Intel on Friday raised its financial outlook for the third quarter, citing better-than-expected PC chip sales.
The chipmaker said it would turn in revenue of between $7.3 billion and $7.8 billion for the quarter, above its previous expectation of $6.9 billion to $7.5 billion.
The update moves the midpoint of Intel's revenue guidance for the quarter, a figure analysts generally use as a de facto revenue estimate, from $7.2 billion to between $7.5 billion and $7.6 billion, an increase of $300 million to $400 million.
The company said in a statement that its Intel Architecture business, which includes PC processors, chipsets and related components for building PCs, is trending toward higher sales worldwide. That line of business accounts for the majority of Intel's revenue. Meanwhile, the company said demand for its communications products, which include technology such as flash memory, remains soft.
If Intel's third-quarter revenue comes in at $7.6 billion, the company will post a 14 percent year-over-year increase from its revenue of $6.5 billion in the third quarter of 2002 and an 11 percent increase from the second quarter's $6.8 billion.
A $7.6 billion third quarter would be unusual but not outside the high-end of trends seen during the past 10 years, Intel said. It saw revenue of $8.7 billion during the third quarter of 2000, for example. But the company's five-year, third-quarter revenue average is $7.1 billion.
Though Intel has seen better-than-expected PC chip sales so far this year, company executives have been reluctant to proclaim that a PC recovery is under way. As a result, the company is likely to downplay any signs of a major PC market recovery that's suggested by the increased third-quarter estimate.
"We'll probably be the last to call a recovery," said Andy Bryant, Intel's CFO, during a conference call to discuss the announcement. "We'll probably be the last to say (a recovery has begun), after everyone has already written about it."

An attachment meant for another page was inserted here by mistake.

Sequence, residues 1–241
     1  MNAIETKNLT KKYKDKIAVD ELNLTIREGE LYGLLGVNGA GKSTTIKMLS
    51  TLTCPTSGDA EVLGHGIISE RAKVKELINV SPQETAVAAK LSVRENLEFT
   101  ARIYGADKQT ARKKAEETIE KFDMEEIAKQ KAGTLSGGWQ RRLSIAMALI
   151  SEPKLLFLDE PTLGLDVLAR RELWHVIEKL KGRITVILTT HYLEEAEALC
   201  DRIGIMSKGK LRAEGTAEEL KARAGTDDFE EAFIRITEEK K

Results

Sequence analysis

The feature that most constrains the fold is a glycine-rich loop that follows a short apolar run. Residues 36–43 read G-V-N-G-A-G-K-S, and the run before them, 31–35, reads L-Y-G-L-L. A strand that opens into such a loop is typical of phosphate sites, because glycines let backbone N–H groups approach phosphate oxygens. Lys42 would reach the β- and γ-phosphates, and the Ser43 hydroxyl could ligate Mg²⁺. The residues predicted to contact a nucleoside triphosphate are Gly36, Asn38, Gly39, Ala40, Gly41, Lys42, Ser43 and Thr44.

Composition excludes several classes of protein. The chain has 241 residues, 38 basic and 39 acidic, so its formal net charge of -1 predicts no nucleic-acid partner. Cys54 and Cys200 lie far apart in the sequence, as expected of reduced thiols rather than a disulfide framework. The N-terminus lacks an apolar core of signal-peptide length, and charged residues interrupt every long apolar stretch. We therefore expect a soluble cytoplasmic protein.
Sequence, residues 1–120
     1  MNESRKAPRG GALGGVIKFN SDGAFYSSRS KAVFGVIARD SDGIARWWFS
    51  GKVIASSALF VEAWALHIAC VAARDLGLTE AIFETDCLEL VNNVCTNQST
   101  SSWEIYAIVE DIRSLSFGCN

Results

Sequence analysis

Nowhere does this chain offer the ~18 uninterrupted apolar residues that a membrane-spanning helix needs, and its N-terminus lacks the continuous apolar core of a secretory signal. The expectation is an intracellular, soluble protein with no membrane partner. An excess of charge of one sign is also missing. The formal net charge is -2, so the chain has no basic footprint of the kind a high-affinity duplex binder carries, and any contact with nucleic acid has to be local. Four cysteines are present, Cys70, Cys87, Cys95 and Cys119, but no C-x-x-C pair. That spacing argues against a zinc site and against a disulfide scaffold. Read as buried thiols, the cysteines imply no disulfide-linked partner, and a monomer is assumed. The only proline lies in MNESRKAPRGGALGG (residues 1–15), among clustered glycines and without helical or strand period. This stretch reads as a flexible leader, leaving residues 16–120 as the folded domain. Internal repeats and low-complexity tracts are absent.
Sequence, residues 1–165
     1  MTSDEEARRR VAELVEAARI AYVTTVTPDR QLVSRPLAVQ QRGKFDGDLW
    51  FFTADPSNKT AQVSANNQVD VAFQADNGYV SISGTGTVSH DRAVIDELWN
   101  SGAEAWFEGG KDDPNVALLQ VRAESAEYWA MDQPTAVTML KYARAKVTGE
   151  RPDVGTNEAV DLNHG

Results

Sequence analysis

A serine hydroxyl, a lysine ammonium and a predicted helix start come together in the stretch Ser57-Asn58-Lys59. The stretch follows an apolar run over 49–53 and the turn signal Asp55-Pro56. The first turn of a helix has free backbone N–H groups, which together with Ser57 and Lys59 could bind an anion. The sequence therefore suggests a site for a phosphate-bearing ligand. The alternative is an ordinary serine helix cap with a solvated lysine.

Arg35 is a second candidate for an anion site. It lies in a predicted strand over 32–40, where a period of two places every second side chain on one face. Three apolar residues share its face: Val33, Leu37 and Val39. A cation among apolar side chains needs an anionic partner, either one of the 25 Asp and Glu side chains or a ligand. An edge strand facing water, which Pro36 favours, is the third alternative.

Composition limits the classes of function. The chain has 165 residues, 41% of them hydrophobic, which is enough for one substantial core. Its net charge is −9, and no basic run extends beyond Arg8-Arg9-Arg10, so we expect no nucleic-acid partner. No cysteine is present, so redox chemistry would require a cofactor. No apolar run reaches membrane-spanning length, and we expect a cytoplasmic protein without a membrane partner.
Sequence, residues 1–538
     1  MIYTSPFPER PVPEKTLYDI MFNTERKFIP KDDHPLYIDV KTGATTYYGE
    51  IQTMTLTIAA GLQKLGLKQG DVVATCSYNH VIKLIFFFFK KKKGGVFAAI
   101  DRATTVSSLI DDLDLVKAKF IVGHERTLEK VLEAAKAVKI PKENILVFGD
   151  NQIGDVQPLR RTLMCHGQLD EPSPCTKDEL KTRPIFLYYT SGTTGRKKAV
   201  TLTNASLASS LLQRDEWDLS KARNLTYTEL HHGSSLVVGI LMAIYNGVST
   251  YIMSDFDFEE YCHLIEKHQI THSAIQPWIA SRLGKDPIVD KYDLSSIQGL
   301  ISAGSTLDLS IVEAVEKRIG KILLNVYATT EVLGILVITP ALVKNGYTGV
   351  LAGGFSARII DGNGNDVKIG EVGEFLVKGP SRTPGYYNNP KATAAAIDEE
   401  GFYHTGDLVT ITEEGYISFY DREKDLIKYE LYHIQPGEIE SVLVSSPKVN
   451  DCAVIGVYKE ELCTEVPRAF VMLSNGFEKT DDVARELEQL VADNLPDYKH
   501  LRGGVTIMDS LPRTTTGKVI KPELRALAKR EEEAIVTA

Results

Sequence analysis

The increase in shipments comes from higher-than-expected unit sales across Intel's line of PC components for desktops and notebooks and across all geographies and sales channels during July and the first part of August. But time will tell if the increase was sparked by higher PC sales or by computer manufacturers that build inventories of parts, Bryant said.
"I don't think it was inventory build," Bryant said. "It appears to be selling through (to customers)."
Intel will hold its regular midquarter update Sept. 4. Bryant indicated that the company might offer more details on the quarter at that time. He declined to discuss product mixes or average selling prices.
Although Intel is adopting a wait-and-see attitude about the rest of the third quarter and offered no additional guidance on the fourth quarter, Bryant did say the company has seen some shortages of its PC parts during the first half of the quarter.
"What you tend to have happen is a few parts get tight, and you end up having some allocation," he said.
But Intel is unlikely to run out of manufacturing capacity, he said, with new manufacturing methods and gear, including 90-nanometer processors and 300mm wafers, on track to begin production later this year.
"I'm really not worried (that) capacity is a great limiter. I'd really love to have to face that problem," he said.
Intel also said its gross margin is expected to be 56 percent, plus or minus a couple of points, versus its previous expectation of 54 percent, plus or minus a couple of points.
All other expectations for the quarter, which ends Sept. 27, are unchanged, Intel said.